From Thomas Jefferson
Dec. 21. 93.
Th: Jefferson with his respects to the President incloses a letter from the Governor of Pensylvania in answer to one from mister Genet praying him to deliver the French sailors (whom he calls deserters) on board a vessel to be transported to New York, there to be put on board a man of war.1 The Convention having directed the proceeding to be observed in this case, and the laws having directed the District judge to attend to it, Th: J. has prepared an answer to the Governor informing him that the Federal Executive has nothing to do in it, but to leave the law to take it’s course.2
AL, DNA: RG 59, Miscellaneous Letters; LB, DNA: RG 59, George Washington’s Correspondence with His Secretaries of State.
1. For the impetus behind Genet’s letter to Thomas Mifflin of 16 Dec., see Sundry Frenchmen in a Philadelphia Jail to GW, 3 Dec., and source note to that document. Genet advised Mifflin that he would have recourse to Mifflin’s good offices to have the prisoners brought under guard to a ship that would transport them to New York, where they would be kept aboard the French ship Normande (DNA: RG 59, Miscellaneous Letters). Mifflin’s letter to Jefferson of 20 Dec. enclosed the copy of Genet’s letter, in order “to know the sentiments of the General Government” on Genet’s “request, which I do not, at this time, think myself authorised to grant” (Jefferson Papers description begins Julian P. Boyd et al., eds. The Papers of Thomas Jefferson. 40 vols. to date. Princeton, N.J., 1950—. description ends , 27:597).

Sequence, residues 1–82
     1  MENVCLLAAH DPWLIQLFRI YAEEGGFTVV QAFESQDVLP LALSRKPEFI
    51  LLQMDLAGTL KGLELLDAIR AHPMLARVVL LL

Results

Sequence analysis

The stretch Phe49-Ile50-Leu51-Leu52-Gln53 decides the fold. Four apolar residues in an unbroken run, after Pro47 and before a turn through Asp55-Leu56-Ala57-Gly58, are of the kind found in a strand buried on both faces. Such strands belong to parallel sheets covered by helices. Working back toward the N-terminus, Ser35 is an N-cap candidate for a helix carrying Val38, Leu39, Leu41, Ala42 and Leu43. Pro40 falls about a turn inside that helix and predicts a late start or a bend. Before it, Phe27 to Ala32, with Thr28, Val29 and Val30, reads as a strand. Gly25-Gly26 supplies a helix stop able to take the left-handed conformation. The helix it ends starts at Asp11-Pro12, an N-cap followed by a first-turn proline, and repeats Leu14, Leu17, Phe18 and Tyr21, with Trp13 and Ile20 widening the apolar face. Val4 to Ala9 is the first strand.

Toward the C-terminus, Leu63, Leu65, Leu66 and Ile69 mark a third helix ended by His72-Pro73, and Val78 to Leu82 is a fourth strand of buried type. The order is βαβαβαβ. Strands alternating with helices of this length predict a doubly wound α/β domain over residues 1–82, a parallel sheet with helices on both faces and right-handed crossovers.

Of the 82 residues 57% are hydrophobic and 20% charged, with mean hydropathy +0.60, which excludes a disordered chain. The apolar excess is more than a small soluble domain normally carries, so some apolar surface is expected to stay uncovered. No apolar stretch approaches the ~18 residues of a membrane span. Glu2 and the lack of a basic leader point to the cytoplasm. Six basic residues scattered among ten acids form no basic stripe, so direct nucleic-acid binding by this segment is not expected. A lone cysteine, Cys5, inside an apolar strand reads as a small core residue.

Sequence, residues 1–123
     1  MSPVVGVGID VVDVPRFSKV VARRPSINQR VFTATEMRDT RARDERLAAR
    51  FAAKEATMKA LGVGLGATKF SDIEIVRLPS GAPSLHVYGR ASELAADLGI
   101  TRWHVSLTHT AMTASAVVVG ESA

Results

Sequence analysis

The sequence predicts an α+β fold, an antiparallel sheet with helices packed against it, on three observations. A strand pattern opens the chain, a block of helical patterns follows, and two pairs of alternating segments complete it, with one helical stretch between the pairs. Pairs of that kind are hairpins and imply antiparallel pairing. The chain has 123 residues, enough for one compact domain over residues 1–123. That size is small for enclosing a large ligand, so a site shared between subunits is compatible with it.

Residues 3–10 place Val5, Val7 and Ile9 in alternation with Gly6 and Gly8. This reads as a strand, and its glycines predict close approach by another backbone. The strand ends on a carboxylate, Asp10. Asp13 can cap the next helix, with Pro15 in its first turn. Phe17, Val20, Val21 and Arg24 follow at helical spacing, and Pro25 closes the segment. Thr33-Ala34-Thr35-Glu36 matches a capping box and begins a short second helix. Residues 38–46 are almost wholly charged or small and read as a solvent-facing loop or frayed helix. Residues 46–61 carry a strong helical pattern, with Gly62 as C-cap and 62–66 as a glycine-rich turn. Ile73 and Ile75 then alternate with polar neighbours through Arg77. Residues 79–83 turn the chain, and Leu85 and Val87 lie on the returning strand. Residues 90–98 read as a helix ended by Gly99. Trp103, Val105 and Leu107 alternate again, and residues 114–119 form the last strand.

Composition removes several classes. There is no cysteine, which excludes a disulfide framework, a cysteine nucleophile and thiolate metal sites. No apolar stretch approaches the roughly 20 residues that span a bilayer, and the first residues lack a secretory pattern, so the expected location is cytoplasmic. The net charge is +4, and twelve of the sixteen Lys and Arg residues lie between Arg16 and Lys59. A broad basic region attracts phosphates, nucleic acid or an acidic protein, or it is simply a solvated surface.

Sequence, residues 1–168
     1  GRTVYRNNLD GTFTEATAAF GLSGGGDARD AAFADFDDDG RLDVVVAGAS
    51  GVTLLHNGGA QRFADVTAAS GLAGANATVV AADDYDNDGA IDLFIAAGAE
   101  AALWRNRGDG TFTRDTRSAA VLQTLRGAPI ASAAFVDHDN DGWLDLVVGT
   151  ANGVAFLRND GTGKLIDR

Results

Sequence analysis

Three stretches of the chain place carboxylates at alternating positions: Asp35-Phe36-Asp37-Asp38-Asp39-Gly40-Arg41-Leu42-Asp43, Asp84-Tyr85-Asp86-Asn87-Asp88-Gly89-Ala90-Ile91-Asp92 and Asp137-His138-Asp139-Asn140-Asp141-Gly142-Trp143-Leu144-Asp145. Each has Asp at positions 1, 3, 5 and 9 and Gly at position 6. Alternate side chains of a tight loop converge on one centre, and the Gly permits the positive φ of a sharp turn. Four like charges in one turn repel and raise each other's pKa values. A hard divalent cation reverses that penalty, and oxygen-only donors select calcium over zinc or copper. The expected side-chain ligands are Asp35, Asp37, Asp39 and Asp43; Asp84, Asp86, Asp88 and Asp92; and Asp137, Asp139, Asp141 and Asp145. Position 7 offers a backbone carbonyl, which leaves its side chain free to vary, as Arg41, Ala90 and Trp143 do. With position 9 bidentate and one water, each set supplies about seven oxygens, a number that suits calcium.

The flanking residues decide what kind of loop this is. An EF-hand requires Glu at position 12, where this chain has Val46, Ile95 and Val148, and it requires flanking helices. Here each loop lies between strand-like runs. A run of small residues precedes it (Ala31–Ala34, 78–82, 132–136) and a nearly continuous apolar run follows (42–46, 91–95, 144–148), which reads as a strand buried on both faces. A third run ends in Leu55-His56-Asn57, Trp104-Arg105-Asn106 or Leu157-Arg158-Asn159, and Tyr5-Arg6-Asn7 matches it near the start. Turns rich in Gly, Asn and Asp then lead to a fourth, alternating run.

2. For the “Convention Defining and Establishing the Functions and Privileges of Consuls and Vice Consuls” (1788), see Miller, Treaties description begins Hunter Miller, ed. Treaties and Other International Acts of the United States of America. Vol. 2, 1776-1818. Washington, D.C., 1931. description ends , 228–44. Jefferson’s response to Mifflin of this date, which GW approved on 23 Dec., stated that as the prisoners were in the custody of the judicial authority, “the Federal Executive does not think itself authorized to interfere either as to their enlargement or detention” (Jefferson Papers description begins Julian P. Boyd et al., eds. The Papers of Thomas Jefferson. 40 vols. to date. Princeton, N.J., 1950—. description ends , 27:605; JPP description begins Dorothy Twohig, ed. The Journal of the Proceedings of the President, 1793–1797. Charlottesville, Va., 1981. description ends , 272).